|Birth: ||Apr. 9, 1897|
|Death: ||Jun. 22, 1985|
Los Angeles County
My maternal grandmother was born to Andrew & Louise (Williams) Bradley in Buchanan, Georgia, where she grew up. She was named after the town of Marietta, Georgia, but her name was two names rather than one. She had an older brother, Daniel, and two younger ones, Robert and David.
When she was 12 years old, she was walking into town on an errand for her mother when she saw two young men in suits on a street corner singing a hymn, "O My Father." She immediately fell in love with it and went home singing it. Her mother asked her where she heard it and she told her. Her mother said "Those are Mormon missionaries" and sent her to bring them home. Her family had joined The Church of Jesus Christ of Latter-Day Saints before she was born, but due to mob hostility, missionaries had been pulled out of the area. She was baptized not long after meeting the two missionaries.
Her family was later instrumental in building the first LDS meetinghouse in the state of Georgia. The mobs burned it down. They rebuilt it and it was burned down again. The third time, they were shot at while building the Church. But, it is still standing and in use today.
As a young adult, she was serving as Branch pianist. One Sunday, it was announced what new missionaries would soon be transferred to the area. When she heard the name "Robert Alma Nash" from Utah, she had a feeling that she would marry him and that they would have 9 children. She thought she was losing her mind to think this.
When they did meet, she thought he was crass and she didn't like him at all. However, after he went home, they corresponded. After her family moved to Idaho, he came to see her. Soon, he won her heart. As a wedding gift, her parents paid for them to take a train to Salt Lake City to be married. They showed up at the Salt Lake Temple on January 2, 1918. (I guess you didn't need an appointment in those days.) However, the temple was closed for cleaning. Ironically, the man who had set Grandpa apart for his mission answered the door of the temple annex. He married them in the annex. They came back in June and were sealed.
She and Grandpa lived in Idaho, Utah, and Montana. And, they did have 9 children. The first three were all born in Rigby, Idaho: Twins, Robert Alma Jr. and James Andrew; and Daniel Edwin. Hazel Louise and Mildred Elnora (my mother) were both born in Garfield, Utah. Melvin Lawrence was born in Tooele, Utah. Wilma Mae was born in Vernal, Utah. And, Mary Murlene and Verla June were both born in Tooele, Utah.
The twins were 17 when Verla came along.
They settled in Butte, Montana in 1939. He passed away in 1964. She lived there until 1981 when she went to California to live with her son, Dan, and his wife, Leah May. She lived there until her death in 1985.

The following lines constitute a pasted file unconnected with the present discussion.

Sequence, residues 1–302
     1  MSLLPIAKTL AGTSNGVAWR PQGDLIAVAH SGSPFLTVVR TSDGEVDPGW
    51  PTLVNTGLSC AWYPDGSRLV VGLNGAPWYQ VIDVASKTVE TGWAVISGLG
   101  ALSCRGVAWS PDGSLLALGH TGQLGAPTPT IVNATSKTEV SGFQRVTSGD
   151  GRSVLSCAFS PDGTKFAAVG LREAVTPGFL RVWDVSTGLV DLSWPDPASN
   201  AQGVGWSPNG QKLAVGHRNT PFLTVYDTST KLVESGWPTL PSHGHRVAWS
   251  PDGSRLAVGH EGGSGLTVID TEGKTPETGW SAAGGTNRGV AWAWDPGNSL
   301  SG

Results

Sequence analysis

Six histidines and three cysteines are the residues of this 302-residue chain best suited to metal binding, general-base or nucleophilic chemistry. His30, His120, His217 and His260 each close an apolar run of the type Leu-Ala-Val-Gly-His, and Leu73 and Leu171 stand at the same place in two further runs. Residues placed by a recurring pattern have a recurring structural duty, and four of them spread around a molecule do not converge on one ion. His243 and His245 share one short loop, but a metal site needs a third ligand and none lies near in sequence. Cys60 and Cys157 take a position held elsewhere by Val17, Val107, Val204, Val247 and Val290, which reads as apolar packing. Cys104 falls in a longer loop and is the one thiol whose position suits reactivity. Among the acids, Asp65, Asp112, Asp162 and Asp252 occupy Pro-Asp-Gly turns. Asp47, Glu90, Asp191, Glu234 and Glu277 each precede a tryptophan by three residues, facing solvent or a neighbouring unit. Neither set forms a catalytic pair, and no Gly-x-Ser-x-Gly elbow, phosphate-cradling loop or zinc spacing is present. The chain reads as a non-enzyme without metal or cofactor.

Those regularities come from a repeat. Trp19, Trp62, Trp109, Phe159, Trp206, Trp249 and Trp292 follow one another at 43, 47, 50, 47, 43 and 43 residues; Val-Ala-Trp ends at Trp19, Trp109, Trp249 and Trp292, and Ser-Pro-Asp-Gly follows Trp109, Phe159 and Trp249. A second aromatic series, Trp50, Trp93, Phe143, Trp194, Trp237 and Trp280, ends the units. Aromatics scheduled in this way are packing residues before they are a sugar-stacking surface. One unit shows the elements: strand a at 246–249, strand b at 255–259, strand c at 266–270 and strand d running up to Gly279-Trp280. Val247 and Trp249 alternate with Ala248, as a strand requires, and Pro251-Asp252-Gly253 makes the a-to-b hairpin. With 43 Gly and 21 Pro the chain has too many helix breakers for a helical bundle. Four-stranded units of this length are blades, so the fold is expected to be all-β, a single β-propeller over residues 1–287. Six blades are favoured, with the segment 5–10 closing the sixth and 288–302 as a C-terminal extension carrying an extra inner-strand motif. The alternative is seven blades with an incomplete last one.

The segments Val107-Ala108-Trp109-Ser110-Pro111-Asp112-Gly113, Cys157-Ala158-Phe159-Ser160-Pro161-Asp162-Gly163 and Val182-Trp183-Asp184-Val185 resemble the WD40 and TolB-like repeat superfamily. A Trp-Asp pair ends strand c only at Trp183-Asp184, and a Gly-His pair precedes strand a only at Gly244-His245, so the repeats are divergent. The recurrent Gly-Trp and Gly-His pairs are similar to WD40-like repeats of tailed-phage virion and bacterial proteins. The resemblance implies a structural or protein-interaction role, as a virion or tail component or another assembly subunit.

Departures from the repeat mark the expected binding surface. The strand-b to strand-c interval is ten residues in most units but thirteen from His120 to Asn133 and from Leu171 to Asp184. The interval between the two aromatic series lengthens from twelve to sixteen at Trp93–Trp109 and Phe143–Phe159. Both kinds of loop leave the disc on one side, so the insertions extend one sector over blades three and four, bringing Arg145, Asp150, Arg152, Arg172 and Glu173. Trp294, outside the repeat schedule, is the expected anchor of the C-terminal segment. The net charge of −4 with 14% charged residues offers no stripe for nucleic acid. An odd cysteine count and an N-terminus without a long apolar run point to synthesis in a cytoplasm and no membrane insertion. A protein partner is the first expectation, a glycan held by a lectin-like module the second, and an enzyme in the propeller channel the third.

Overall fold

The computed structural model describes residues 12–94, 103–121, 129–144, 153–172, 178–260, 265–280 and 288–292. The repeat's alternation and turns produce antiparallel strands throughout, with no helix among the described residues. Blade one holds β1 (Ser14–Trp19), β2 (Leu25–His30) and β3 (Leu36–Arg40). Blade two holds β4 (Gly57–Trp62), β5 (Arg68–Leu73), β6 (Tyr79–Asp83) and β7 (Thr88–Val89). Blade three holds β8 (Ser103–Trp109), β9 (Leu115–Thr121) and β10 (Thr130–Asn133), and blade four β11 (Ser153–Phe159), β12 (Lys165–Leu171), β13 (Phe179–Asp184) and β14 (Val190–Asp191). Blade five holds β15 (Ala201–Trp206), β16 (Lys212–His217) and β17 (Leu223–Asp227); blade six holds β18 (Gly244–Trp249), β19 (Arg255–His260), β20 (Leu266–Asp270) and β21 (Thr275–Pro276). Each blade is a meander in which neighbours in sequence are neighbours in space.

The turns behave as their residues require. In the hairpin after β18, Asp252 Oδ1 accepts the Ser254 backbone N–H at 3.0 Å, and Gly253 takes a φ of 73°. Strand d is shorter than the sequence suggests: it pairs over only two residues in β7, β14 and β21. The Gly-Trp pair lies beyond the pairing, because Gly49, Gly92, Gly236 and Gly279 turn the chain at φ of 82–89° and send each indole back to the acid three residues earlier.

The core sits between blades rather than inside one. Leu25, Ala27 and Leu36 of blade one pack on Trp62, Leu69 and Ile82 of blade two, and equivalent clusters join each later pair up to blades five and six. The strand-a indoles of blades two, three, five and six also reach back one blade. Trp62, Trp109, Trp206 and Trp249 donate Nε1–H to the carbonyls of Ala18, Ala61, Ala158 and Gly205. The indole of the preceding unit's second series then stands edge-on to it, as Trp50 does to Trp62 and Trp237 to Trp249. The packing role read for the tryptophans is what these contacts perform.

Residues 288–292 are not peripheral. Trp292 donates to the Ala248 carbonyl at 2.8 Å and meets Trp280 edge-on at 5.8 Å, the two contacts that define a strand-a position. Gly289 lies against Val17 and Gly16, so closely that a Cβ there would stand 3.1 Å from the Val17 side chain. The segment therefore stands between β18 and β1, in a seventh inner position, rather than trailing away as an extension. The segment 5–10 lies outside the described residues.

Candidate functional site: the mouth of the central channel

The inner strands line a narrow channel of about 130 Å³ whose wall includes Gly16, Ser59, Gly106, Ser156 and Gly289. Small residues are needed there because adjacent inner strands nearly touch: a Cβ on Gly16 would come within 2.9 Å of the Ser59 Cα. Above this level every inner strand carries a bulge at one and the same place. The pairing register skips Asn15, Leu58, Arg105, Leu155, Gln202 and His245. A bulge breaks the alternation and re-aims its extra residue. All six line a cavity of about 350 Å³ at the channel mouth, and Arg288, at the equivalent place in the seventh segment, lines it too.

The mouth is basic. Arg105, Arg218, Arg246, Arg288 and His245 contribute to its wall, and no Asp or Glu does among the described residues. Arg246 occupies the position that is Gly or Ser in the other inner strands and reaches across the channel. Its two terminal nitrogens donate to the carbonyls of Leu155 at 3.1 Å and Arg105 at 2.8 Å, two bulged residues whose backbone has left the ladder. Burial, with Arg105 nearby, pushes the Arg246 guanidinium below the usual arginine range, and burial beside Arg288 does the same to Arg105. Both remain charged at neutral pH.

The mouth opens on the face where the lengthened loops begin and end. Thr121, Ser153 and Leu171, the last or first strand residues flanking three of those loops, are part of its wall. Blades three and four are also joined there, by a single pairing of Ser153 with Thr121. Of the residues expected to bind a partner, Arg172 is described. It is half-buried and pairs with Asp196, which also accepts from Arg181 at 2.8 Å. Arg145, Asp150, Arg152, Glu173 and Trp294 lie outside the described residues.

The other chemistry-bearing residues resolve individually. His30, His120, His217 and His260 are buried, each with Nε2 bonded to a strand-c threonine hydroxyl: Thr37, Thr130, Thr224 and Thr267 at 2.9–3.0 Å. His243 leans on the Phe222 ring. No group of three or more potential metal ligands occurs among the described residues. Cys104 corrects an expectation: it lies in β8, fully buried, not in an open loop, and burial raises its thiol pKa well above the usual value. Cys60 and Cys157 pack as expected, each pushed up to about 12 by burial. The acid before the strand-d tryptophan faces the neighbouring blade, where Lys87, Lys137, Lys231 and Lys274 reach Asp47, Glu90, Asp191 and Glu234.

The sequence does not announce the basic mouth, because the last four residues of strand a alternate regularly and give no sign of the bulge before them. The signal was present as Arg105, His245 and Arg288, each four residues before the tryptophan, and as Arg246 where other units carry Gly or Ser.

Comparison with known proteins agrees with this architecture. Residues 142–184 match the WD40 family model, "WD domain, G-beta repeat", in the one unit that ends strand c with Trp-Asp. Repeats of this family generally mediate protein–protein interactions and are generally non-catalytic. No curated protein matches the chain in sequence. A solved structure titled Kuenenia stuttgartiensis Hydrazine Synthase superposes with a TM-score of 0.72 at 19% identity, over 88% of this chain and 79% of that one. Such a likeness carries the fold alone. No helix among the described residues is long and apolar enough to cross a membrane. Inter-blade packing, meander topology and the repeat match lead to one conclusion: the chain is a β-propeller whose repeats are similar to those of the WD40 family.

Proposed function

After she was widowed, she took training and became a general practical nurse. She also served as a temple worker at the Salt Lake LDS Temple.
Grandma loved music and was a talented pianist. She served as Church pianist many times. She also had a "green thumb." She had a beautiful yard and garden. The back yard was filled with tall orange poppies. The front yard had large rose and lilac bushes and trees of various types. And, her flower beds were filled with flowers of all sorts. My favorites were the violas which looked like tiny pansies, and the lilacs. I still have a vase that she had my parents bring to me filled with lilacs once when I was sick.
I was very close to Grandma Nash. She was the only grandparent that I knew very well, my grandfathers having died before I was born and my paternal grandmother when I was 5.
She had over 40 grandchildren (some died in infancy), but I always thought that I was her favorite, at least of the younger grandchildren. There were rules for all of the little kids at Grandma's house. The only ones that applied to me were safety rules that applied to everybody. I was allowed to do things my cousins weren't at her house. When she sold her house and moved into an apartment, my Mom was helping her move. She sent several of her things that were my favorites home with Mom for me plus a few other things. To my knowledge, I was the only grandchild she did so for.
I was close to my parents, but I was definitely a Grandma's Girl. She died when I was 16, almost 17. I still miss her very much.
Robert Andrew Bradley (1870 - 1946)
Louise Williams Bradley (1875 - 1963)
Robert Alma Nash (1889 - 1964)
Robert Alma Nash (1919 - 1993)*
James Andrew Nash (1919 - 2009)*
Daniel Edwin Nash (1921 - 1990)*
Hazel Louise Nash Moran (1923 - 1995)*
Mildred Elnora Nash Warner (1926 - 2002)*
Melvin Lawrence Nash (1928 - 2009)*
Daniel Bradley (1895 - 1963)*
Mary Etta Bradley Nash (1897 - 1985)
Robert Stanley Bradley (1905 - 1943)*
Benjamin David Bradley (1912 - 2000)*
Sunset Memorial Park
Silver Bow County
Created by: A Marine's Daughter
Record added: Dec 25, 2001
Find A Grave Memorial# 6047879
I miss you so much, Grandma! It's hard to believe that you've been gone 30 years. I love you forever.|
Added: Jun. 22, 2015
Added: Jun. 16, 2015
Added: Jun. 3, 2015
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